Discovery of a genetic sex marker in sturgeon

Discovery of a genetic sex marker in sturgeon
Sterlet (Acipenser ruthenus). Credit: Andreas Hartl

Scientists have discovered a molecular marker for sex determination in sturgeon within the international project STURGEoNOMICS, led by the Leibniz Institute of Freshwater Ecology and Inland Fisheries (IGB). This discovery represents a significant breakthrough for evolutionary biology, for species conservation and for caviar-producing aquaculture. This genetic evidence characterizes the oldest known genetic sex-determining system in vertebrates with microscopically indistinguishable sex chromosomes. The short sex-specific DNA sequence, detected in several sturgeon species, can be traced back to a common sturgeon ancestor, 180 million years ago.

The international search for sex-linked in sturgeon has been ongoing for decades. After all, sturgeon cannot be sexed by any external features, and the species have no differentiated sex chromosomes that can be distinguished under the microscope. Genomicist Dr. Heiner Kuhl, first author of the study from IGB, has now made the discovery of a tiny genomic region, specific to female sturgeon. Whole genome sequencing of numerous male and female sterlets—a species of sturgeon—led to this discovery. These analyses were carried out at the French INRAE in the laboratory of Dr. Yann Guiguen.

Scientific breakthrough after decade-long search

The discovery of this genetic element likewise provides evidence of the oldest known sex-determining system in vertebrates with undifferentiated sex chromosomes—evolved ca. 180 million years ago. "It represents a scientific breakthrough. The international hunt for molecular sex markers in sturgeon lasted for decades," said IGB's evolutionary biologist Dr. Matthias Stöck, senior author of the study, and adds: "This success was only possible by international collaboration with experts from three European countries, involving genomicists from INRAE in Rennes, France, researchers led by Prof. Dr. Manfred Schartl of the University of Würzburg in Germany and Dr. Mitica Ciorpac of the Romanian Danube Institute, DDNI."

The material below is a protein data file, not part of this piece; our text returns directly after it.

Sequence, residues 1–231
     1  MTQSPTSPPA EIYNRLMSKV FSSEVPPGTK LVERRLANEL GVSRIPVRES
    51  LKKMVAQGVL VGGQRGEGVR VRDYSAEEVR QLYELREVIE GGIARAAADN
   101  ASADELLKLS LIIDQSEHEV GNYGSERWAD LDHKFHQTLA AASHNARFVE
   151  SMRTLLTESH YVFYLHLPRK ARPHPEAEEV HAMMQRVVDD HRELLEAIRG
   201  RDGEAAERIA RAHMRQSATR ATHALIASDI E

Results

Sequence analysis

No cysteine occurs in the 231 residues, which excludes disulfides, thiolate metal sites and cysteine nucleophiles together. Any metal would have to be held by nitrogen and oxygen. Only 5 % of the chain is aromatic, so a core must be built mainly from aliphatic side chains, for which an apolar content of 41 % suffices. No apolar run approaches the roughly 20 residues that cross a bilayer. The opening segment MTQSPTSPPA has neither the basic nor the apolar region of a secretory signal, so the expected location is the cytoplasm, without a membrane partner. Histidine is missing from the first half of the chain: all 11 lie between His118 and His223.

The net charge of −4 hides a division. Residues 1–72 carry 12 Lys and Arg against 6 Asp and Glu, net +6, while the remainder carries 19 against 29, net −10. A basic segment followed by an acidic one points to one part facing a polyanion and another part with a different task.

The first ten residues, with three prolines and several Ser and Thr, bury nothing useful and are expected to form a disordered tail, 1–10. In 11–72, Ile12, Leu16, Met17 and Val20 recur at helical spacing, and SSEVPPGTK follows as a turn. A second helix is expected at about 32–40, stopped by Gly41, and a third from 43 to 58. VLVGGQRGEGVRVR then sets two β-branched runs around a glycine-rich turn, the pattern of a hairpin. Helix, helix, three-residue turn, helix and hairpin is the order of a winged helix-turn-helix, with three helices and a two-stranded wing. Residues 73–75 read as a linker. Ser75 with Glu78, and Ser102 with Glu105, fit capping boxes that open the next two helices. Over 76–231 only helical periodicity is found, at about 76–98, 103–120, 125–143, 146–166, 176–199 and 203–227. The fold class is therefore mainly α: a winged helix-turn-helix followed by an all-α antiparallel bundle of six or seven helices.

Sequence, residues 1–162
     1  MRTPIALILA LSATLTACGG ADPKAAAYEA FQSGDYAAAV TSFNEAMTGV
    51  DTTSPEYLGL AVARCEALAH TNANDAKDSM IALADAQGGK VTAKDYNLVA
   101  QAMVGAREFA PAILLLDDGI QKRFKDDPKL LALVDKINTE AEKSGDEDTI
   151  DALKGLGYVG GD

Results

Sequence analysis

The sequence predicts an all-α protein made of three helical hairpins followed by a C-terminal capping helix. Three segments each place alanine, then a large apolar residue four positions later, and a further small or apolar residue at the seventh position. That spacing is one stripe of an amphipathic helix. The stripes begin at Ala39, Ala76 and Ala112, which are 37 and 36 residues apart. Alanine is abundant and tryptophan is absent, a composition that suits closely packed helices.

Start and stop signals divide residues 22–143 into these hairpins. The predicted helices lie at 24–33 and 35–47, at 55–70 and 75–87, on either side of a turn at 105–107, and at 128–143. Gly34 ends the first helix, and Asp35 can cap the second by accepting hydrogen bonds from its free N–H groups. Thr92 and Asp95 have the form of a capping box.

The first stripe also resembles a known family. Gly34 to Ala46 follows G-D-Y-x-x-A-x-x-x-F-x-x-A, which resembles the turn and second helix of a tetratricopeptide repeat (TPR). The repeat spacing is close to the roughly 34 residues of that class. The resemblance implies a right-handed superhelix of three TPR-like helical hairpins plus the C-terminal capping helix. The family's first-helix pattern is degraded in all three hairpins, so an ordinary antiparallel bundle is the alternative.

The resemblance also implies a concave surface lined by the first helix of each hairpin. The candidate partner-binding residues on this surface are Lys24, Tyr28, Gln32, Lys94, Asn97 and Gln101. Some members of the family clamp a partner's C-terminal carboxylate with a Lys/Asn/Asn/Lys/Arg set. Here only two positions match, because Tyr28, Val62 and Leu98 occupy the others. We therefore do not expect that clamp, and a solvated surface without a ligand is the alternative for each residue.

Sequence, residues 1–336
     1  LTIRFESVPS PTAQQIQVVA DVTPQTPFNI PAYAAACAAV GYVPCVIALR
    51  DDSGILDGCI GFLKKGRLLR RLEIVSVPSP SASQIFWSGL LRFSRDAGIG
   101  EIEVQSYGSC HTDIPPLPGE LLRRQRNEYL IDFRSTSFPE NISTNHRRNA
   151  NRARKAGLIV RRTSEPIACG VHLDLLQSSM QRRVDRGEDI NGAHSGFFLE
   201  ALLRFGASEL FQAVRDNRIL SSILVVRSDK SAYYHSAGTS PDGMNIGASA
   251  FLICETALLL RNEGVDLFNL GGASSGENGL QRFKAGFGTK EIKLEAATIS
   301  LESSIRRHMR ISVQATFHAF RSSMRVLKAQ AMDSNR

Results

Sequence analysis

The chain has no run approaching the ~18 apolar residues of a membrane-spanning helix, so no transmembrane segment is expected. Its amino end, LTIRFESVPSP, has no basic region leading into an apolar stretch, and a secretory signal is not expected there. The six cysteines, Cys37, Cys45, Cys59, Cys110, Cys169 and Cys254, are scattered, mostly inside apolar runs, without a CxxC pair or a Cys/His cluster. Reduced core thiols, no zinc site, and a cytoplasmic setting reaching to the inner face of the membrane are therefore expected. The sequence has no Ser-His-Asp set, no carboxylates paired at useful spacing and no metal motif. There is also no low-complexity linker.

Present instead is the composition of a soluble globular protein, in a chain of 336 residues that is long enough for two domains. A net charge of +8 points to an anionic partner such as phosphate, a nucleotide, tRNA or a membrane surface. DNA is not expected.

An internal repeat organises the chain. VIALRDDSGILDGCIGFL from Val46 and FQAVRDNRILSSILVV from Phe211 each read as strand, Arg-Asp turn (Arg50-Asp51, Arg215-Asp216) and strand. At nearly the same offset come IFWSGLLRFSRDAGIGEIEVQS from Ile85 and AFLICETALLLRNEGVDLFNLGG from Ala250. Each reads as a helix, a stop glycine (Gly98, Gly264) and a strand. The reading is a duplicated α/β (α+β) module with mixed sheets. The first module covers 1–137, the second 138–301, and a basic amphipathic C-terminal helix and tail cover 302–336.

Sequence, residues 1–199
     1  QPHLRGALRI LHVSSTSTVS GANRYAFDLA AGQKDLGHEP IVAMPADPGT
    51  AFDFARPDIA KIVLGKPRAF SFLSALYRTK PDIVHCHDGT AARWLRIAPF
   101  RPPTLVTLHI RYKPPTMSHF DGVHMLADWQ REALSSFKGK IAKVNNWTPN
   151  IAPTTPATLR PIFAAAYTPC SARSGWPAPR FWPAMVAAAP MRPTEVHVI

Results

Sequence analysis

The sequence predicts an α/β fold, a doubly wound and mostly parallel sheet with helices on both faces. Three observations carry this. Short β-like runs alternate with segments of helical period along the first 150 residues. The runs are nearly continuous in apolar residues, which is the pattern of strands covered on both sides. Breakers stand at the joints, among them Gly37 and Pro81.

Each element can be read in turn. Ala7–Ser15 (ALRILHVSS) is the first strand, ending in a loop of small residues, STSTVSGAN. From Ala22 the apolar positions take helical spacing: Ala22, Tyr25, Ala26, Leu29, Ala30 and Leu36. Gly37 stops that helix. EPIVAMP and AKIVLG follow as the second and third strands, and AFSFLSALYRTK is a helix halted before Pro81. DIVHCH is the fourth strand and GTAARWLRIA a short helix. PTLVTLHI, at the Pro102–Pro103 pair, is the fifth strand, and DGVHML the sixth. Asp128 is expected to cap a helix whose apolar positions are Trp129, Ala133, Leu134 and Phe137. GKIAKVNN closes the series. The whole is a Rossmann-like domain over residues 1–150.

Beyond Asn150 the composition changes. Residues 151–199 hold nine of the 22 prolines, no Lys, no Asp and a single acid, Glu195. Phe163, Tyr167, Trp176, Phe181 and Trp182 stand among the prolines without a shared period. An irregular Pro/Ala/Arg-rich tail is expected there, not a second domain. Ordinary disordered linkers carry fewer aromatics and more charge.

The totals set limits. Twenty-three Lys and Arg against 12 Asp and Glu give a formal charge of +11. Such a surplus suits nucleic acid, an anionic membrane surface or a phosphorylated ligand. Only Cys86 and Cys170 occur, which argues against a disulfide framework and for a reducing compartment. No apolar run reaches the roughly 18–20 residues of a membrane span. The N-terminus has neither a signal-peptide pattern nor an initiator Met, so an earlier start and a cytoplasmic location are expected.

Currently, ultrasonic diagnosis or biopsies are used for sexing sturgeon. For ultrasonic sexing to be reliable, however, sturgeons must reach progressed stages of maturation, which can take six to ten years in some species. Biopsies of the gonads are invasive, and stress or even harm the fish. In the future, the newly developed marker will enable scientists to differentiate between males and females simply by using a cotton skin swab to obtain DNA. Furthermore, the reliability of this test even outperforms the previous methods.

Many of the 27 sturgeon species occurring worldwide are highly endangered. In sturgeon conservation, the marker will be a good tool for the non-invasive sexing of fish, intended as future broodstock in reintroduction programs. "This enables a targeted selection of candidates for living gene banks, based not only on rare alleles, but also on sex. Fish not selected for broodstock development could then be reintroduced into the wild straight away," evaluated Dr. Jörn Gessner, co-author of the study and coordinator the reintroduction program for native sturgeon of Germany at IGB.

In aquaculture production, the method could be used in the future for non-invasive early sexing of fish, intended for rearing. Production can then focus on rearing females for caviar and males for meat. As such, the test should by no means lead to the culling of male sturgeons, as the researchers explicitly stress. This ethical aspect is an essential element to be considered. "The next step will involve using the marker to develop a sex-determination test for practical application," commented IGB researcher Heiner Kuhl, first author of the study.

Open questions about sexual development in the sturgeon

Sexual reproduction is an evolutionarily old feature of life. In vertebrates, sexual development is determined either by environmental triggers or by the genes, or sometimes a combination of the two. Most cold-blooded vertebrates, like fish and amphibians, do not have differentiated sex chromosomes, i.e. a microscopically distinguishable XX/XY system as in mammals or ZW/ZZ system as in birds. Sex chromosomes of many fish and amphibians can only be distinguished at the DNA level. There are several reasons for this: in most cases, a new master gene becomes the initial trigger for sex determination, even an evolutionary change of the sex chromosomes, in closely related species, is possible.

Sturgeons and paddlefish comprise 27 extant species, which branched off from the root of the 31,000 living bony fish around 330 million years ago. In contrast to many other vertebrates, sturgeon evolution is characterized by surprisingly slow changes in the genomes and the morphology. "Conservation of the female-specific sequence across several rounds of polyploidisation—the multiplication of chromosomes in the sturgeon family—representing 180 million years of sturgeon evolution, raises many interesting biological questions," explained Matthias Stöck. How did the sex locus manage to survive these whole genome duplications? Why has genetic sex determination apparently been conserved in , while many other fish evolved a number of different systems?

More information: Heiner Kuhl et al. A 180 My-old female-specific genome region in sturgeon reveals the oldest known vertebrate sex determining system with undifferentiated sex chromosomes, biorxiv (2020). DOI: 10.1101/2020.10.10.334367

Citation: Discovery of a genetic sex marker in sturgeon (2020, November 24) retrieved 28 February 2024 from
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